Art-making is all about practice - develop good skills in your chosen media, develop good work habits, and put it all into practice, again and again and again and again. For me, the discipline - the commitment to keep practicing no matter what setbacks I encounter, what blows my confidence may sustain - this is the hard part. I love the work. But sometimes the internal dialogue of excuses to avoid just going to the studio and doing it can be overwhelming.
Recently I was introduced to a wonderful little book: Art and Fear: Observations on the Perils (and Rewards) of Artmaking, by David Bayles and Ted Orland. It was published in 2001 but is still readily available ('Art and Fear' at B&N.com) . Practically every paragraph rings true for me.
Many self-help books for creative people are actually discouraging to read, as they catalogue all the bad habits standing in your way and make you feel like you'll never get it right. What I like about this book is that it actually encourages you to keep going and suggests how to stay better focussed on why you want to do what you do. I'm trying to set a practice (that word again) of reading a bit every day, with the idea that when I get to the end, I'll start over.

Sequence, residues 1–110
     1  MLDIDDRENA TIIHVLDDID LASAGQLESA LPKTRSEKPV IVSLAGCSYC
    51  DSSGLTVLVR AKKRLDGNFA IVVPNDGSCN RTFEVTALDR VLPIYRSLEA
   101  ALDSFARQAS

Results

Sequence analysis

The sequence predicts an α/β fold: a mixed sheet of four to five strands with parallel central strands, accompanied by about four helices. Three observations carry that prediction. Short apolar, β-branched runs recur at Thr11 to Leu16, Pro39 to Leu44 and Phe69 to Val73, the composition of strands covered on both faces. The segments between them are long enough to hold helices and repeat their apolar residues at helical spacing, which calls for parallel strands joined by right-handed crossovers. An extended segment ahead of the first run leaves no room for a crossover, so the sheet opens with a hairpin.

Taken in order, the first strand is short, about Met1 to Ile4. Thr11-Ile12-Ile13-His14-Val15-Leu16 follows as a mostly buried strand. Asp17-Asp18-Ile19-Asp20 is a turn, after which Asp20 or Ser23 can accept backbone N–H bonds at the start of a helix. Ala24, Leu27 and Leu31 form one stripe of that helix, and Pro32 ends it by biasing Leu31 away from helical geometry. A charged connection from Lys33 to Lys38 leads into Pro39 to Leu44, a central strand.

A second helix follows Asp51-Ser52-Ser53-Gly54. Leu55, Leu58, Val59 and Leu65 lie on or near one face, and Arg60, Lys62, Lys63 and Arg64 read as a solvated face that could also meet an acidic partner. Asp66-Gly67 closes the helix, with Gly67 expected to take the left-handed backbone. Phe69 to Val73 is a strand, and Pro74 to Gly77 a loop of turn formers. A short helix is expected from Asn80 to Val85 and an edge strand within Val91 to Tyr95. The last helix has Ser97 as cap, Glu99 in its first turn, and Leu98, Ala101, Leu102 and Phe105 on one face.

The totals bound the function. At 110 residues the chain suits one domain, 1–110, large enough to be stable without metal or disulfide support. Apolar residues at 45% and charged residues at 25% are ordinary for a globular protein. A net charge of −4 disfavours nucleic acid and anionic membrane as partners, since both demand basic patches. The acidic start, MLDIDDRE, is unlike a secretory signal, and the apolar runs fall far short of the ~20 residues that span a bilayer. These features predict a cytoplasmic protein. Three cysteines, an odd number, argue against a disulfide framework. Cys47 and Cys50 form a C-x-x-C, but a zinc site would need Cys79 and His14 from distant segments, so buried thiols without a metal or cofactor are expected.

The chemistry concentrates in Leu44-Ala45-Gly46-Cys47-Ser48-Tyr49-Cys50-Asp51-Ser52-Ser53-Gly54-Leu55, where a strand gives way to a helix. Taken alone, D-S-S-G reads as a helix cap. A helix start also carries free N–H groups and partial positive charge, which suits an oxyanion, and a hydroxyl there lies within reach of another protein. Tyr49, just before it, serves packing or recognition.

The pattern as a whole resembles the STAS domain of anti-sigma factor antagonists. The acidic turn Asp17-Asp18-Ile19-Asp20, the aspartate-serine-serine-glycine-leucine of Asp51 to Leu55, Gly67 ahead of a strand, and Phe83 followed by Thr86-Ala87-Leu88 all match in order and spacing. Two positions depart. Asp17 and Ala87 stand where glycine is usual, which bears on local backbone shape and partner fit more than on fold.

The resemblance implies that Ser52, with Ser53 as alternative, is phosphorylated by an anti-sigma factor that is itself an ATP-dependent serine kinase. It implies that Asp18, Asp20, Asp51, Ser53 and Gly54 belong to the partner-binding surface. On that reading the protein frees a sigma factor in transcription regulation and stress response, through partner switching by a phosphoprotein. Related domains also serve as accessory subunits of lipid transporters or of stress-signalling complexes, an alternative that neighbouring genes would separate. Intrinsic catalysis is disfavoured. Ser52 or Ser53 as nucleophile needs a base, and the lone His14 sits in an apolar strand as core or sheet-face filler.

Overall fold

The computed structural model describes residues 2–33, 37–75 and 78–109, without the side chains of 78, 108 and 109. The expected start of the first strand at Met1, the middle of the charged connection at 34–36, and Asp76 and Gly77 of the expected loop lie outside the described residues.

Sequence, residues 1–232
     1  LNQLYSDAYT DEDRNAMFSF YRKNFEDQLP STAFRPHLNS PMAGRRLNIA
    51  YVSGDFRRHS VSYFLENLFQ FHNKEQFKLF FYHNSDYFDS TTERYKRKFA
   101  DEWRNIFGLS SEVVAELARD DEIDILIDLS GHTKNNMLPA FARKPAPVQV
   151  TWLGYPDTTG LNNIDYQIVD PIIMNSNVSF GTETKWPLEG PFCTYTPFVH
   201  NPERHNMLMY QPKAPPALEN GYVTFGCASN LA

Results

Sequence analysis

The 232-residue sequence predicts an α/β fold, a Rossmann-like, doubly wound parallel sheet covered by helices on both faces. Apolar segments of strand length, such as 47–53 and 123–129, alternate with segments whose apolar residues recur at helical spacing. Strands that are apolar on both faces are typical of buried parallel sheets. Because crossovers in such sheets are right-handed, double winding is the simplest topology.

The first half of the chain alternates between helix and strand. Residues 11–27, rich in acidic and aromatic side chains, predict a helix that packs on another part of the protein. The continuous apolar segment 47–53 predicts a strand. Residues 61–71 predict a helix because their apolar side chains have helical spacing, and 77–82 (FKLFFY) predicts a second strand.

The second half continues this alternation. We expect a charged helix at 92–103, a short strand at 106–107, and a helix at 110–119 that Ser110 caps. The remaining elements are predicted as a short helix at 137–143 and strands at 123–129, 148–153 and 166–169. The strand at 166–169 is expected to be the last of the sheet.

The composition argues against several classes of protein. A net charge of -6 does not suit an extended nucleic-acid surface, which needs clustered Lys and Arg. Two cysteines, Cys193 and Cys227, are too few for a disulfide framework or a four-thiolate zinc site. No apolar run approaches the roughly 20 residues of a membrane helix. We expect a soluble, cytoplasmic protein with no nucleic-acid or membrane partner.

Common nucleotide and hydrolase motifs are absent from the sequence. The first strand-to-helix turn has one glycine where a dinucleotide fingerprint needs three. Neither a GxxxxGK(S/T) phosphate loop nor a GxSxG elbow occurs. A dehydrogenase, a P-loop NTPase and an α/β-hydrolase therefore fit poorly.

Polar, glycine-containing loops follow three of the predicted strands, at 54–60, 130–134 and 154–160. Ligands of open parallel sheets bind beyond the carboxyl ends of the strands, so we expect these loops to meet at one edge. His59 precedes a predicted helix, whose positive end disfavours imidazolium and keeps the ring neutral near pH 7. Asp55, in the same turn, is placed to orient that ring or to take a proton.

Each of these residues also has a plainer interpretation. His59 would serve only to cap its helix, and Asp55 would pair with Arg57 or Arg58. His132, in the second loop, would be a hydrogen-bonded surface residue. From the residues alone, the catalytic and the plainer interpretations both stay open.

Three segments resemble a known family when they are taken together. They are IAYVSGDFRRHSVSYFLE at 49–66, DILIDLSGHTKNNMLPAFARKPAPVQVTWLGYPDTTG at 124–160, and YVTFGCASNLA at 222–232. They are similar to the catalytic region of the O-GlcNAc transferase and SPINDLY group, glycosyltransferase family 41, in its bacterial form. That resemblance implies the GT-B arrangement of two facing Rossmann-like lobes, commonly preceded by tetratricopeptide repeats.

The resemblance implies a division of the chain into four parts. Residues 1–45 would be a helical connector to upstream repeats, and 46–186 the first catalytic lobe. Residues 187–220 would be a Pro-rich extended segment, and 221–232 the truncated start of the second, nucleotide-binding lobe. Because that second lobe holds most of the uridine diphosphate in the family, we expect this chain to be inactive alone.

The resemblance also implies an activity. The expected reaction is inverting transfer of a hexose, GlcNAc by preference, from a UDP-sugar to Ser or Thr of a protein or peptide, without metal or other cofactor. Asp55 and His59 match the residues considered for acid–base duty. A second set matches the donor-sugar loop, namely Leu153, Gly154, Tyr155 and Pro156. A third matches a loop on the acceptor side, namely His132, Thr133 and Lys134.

I'm happy to say that so far this fall has been a time of intensive work and progress in the studio. The summer was another matter, but it is done (Where did it go?), and I've moved on. May this phase continue!
My work has been improving steadily since I began practicing (!) the techniques I learned in July's Long Beach workshops. My vessels have become lighter in weight and at the same time sturdier and more stable. I'm very pleased.
I'm also starting to play with some sculptural variations based on the vessel form. I used to make needle-felted human figures, but I really don't enjoy the needle-felting technique. So I'm excited by the possibility of making figures via wet felting. Nothing elaborate so far, just these little owl-ish creatures. But I hope there will be more, and better, to come.